Carnegie Mellon University

Yulin Kuang

February 22, 2021

Directing and screenwriting with Yulin Kuang

By Bill Brink

Yulin Kuang sat on a curb, exhausted, staring at her feet. She was directing an episode of “The Healing Powers of Dude,” a Netflix comedy about a boy with social anxiety disorder and his support dog. Kids and animals make filming harder, and she had both; she’d set an alarm on her phone to track “pumpkin time,” the window during which she could work with the kids before the rules governing child actors mandated that their day was over.

Someone asked her which direction they were shooting next. She pointed. As she stared at her feet, she noticed the shadows on the ground were moving. The crew was rearranging the fly swatters, giant machines that created shade.

“And I was like, oh wow – I did that,” Kuang said. “Yeah, I love this.”  

Kuang, a screenwriter and director who graduated Carnegie Mellon in 2012 with degrees in International Relations and Politics and Creative Writing, credited the university aiding her entrée into directing and providing her a broader background than she might have otherwise received. 

“I think it’s a blessing that I ended up at CMU, because if I had gone to a film school or something like that, I probably would have been handing off my screenplays to other directors and they would have been directing it, and I never would have discovered for myself that I love directing,” she said.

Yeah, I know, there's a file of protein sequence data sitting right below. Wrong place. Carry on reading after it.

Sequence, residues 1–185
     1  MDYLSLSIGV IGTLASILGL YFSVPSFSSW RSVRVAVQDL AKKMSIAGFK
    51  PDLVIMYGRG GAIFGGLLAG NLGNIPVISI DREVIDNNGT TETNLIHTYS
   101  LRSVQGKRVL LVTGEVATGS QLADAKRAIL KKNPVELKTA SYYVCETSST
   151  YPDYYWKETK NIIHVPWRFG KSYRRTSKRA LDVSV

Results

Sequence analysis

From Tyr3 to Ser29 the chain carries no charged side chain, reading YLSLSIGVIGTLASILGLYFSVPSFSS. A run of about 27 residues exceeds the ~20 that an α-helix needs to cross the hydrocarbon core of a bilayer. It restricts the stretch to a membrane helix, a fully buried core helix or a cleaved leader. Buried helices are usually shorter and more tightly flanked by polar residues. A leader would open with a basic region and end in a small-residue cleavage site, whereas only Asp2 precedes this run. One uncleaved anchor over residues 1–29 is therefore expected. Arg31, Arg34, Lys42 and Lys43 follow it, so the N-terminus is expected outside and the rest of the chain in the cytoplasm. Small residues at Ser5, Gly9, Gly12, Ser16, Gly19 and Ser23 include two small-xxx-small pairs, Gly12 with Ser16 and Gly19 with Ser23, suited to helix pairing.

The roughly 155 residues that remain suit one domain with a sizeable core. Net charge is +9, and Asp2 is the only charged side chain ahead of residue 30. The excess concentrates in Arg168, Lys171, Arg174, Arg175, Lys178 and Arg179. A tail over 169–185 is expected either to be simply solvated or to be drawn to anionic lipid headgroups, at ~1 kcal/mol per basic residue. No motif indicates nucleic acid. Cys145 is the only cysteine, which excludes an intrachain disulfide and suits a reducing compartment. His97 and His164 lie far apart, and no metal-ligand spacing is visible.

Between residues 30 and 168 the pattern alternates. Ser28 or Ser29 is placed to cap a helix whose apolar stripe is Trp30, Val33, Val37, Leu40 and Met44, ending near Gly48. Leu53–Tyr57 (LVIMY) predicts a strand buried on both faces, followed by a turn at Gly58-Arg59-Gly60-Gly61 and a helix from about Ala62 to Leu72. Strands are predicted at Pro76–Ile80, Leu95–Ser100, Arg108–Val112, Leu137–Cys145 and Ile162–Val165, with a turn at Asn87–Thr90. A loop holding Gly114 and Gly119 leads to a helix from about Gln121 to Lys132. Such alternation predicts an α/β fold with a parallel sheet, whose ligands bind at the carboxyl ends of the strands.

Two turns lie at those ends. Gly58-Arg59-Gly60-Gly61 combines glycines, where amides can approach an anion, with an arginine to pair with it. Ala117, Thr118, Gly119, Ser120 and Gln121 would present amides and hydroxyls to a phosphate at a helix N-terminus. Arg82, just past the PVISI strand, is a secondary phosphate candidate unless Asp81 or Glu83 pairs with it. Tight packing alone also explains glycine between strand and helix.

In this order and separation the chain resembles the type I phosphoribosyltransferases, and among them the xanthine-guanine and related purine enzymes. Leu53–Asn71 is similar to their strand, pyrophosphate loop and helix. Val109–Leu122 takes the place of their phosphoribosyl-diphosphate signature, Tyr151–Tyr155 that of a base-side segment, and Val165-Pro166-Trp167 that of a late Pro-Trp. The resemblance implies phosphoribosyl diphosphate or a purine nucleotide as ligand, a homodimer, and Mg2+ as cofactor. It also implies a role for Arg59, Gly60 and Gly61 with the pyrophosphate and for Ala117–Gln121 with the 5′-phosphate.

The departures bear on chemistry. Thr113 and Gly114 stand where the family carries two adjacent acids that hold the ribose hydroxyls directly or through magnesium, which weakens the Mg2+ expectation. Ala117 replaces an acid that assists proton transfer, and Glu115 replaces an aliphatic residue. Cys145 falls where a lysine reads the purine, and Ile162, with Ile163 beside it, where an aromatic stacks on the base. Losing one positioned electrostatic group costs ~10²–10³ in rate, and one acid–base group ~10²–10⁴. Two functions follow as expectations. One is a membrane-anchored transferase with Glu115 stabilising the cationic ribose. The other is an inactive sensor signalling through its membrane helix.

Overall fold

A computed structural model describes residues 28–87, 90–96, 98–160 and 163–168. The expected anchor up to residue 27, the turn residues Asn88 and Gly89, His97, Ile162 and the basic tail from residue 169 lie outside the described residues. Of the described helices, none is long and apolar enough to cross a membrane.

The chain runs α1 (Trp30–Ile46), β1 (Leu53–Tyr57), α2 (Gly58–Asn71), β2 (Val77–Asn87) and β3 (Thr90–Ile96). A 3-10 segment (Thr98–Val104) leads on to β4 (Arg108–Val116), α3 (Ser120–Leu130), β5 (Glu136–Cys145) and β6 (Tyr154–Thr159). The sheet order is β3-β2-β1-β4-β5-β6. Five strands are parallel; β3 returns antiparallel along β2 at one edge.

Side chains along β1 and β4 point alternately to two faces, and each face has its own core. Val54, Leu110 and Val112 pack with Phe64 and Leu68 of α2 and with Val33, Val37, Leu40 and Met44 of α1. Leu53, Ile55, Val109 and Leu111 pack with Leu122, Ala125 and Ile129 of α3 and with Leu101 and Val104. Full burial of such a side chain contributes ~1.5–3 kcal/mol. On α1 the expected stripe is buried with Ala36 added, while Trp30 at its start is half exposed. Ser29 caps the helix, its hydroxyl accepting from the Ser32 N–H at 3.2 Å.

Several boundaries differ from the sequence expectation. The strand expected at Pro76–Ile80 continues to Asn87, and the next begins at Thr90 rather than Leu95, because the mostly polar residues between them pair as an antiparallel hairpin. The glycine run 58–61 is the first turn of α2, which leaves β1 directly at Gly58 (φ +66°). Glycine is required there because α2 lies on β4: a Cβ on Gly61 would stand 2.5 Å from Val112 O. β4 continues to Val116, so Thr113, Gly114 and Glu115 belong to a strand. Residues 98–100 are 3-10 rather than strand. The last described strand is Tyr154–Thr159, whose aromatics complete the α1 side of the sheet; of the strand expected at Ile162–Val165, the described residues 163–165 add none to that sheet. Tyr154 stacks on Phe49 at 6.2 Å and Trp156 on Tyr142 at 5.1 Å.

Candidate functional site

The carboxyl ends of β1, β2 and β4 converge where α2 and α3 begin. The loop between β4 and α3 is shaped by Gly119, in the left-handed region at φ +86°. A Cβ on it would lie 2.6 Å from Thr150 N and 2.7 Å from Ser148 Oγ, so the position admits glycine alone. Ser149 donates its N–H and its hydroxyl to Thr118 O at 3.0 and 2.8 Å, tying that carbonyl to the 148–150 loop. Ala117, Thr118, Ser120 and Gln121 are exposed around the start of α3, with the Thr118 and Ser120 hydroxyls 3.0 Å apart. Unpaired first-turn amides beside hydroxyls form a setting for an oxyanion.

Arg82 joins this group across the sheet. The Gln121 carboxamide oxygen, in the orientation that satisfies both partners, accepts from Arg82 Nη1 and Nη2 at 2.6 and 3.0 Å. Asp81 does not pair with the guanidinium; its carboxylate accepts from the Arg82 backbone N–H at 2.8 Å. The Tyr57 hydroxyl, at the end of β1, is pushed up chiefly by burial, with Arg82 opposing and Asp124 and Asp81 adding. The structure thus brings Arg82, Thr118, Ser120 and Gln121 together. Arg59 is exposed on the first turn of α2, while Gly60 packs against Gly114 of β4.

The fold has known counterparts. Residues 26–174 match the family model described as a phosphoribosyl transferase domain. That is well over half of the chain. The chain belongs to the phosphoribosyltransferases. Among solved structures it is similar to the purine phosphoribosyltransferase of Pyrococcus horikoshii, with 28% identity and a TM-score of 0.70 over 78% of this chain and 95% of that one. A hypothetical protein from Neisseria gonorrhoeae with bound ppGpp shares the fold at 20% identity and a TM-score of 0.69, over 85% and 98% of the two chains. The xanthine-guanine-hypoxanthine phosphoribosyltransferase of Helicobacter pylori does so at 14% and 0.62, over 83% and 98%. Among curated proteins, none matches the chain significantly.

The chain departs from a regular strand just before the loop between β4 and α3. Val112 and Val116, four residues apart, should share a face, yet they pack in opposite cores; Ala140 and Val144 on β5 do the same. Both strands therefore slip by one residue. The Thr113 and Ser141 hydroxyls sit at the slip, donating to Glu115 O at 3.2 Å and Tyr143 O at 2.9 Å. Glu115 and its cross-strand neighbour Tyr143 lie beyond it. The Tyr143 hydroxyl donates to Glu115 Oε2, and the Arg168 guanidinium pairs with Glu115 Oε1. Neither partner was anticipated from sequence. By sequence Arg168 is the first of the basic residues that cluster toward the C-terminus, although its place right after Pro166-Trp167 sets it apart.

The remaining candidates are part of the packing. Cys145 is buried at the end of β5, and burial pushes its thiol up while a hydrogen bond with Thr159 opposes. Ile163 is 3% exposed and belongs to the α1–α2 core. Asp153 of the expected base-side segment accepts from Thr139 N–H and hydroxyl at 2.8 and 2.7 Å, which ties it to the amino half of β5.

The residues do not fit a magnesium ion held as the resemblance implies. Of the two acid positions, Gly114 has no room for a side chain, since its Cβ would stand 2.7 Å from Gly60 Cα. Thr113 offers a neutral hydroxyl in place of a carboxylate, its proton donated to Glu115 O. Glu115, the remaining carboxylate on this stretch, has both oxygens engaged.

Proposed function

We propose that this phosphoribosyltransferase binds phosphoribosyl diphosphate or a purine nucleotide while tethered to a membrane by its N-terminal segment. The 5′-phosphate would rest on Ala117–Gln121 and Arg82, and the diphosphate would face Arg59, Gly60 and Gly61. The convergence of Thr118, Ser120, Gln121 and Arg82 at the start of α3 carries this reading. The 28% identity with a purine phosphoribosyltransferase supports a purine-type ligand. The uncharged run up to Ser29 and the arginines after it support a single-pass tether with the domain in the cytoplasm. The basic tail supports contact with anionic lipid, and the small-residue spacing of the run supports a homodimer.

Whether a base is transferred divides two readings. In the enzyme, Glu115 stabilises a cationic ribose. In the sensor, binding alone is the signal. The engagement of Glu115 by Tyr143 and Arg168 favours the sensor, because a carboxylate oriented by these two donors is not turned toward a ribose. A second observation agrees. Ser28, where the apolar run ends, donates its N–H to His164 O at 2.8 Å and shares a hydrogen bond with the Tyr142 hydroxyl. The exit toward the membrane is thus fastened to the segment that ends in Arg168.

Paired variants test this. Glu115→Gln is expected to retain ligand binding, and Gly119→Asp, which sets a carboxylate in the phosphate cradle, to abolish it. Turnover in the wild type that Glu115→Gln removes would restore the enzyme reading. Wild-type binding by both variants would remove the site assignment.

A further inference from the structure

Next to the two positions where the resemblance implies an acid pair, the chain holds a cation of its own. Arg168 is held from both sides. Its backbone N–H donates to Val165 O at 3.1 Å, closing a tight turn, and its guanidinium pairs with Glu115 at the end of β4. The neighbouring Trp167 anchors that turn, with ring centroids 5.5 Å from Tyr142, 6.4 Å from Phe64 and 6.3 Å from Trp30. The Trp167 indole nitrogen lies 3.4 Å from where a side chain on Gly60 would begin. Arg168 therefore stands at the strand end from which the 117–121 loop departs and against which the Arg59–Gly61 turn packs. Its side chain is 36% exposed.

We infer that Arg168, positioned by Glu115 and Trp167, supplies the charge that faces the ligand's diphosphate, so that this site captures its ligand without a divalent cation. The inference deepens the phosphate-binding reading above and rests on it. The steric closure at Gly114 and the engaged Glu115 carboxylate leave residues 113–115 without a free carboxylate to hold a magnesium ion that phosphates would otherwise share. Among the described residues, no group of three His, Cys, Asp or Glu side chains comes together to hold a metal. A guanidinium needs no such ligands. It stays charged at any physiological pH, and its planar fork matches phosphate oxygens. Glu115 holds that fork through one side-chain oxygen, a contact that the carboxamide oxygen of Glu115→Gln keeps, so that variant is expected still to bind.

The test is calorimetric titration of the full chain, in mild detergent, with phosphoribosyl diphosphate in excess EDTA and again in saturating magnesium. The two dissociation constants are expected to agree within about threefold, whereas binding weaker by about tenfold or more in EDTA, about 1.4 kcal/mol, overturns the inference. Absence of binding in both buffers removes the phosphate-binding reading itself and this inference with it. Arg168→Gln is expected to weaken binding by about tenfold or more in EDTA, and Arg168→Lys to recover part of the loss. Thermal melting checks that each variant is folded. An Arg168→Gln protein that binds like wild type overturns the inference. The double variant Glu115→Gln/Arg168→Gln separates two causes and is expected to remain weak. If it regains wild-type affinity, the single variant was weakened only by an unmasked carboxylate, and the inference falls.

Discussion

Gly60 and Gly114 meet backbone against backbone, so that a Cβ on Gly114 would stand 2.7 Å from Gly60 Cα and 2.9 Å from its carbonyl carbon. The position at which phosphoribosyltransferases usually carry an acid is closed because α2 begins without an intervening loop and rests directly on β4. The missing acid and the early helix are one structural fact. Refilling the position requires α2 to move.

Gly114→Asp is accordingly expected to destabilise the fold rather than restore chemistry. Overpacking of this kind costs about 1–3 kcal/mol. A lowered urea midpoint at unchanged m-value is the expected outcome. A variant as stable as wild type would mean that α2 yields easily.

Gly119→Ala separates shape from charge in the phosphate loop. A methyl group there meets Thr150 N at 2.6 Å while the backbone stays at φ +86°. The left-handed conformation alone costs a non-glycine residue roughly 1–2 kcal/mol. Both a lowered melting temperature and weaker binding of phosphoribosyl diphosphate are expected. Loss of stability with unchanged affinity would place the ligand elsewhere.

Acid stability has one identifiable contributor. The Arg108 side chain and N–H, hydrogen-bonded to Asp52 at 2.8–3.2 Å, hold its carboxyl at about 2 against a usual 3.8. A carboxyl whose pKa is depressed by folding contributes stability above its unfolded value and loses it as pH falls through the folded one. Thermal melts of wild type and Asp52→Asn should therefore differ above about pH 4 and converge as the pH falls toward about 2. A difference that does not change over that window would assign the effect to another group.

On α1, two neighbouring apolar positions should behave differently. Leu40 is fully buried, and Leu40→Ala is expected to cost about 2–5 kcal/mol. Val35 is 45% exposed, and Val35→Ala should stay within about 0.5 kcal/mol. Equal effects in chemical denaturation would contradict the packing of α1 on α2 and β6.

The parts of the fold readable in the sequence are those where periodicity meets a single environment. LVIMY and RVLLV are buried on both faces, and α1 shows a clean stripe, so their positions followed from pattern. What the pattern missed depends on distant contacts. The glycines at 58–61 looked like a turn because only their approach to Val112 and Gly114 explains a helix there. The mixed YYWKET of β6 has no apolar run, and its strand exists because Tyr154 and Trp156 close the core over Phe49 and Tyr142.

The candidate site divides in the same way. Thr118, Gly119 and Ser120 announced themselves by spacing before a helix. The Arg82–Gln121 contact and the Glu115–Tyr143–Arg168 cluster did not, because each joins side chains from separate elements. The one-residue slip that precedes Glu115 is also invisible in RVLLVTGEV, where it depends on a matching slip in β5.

Kuang was born in China and grew up in Wichita, Kansas, and New Jersey. When she applied to Carnegie Mellon, she thought she wanted to be a journalist, an aspiration she harbored through freshman year, but she realized that she liked the idea of the White House press corps in the television series The West Wing rather than the job itself. Her sophomore year, she considered publishing as a career, but by junior year she joined the Filmmaking Club, got involved with cmuTV, and worked on independent projects with local filmmakers.

She learned the technical stuff as she went by watching YouTube tutorials and tapping into the talented people around her. After losing a cinematographer on a project, she walked into the hallway and saw a photo student. You know how to use a camera, right? she asked him. 

That guy (Zack Wallnau, CFA ’11) is now her fiancé.  

While majoring in International Relations and Politics, she studied Russia, Eastern Europe, and globalization, in addition to a course on Ethics, History, and Public Policy that she found especially beneficial.

“What was helpful about IRP was it made me think about things on a larger scale,” Kuang said. “It made me think outside of just my one small tiny pocket of the world. I think the thing that we really studied when I was there was globalism, and I think I thought about that a whole lot.

“It’s like a spice. It adds some spice to me.”

Kuang entered the film industry by finding people who had the entry-level jobs she wanted on LinkedIn, researching their backgrounds, and realizing she needed internships. After her junior year, she landed one with ABC, working on General Hospital, distributing scripts and checking for typos. 

“When I had finished my first day there, I went downstairs and I was told, you can walk around the set, and it was an empty set, but it still had the lights on so it had this magic glow about it,” she said. “It’s still very much in my brain. … It felt like church.”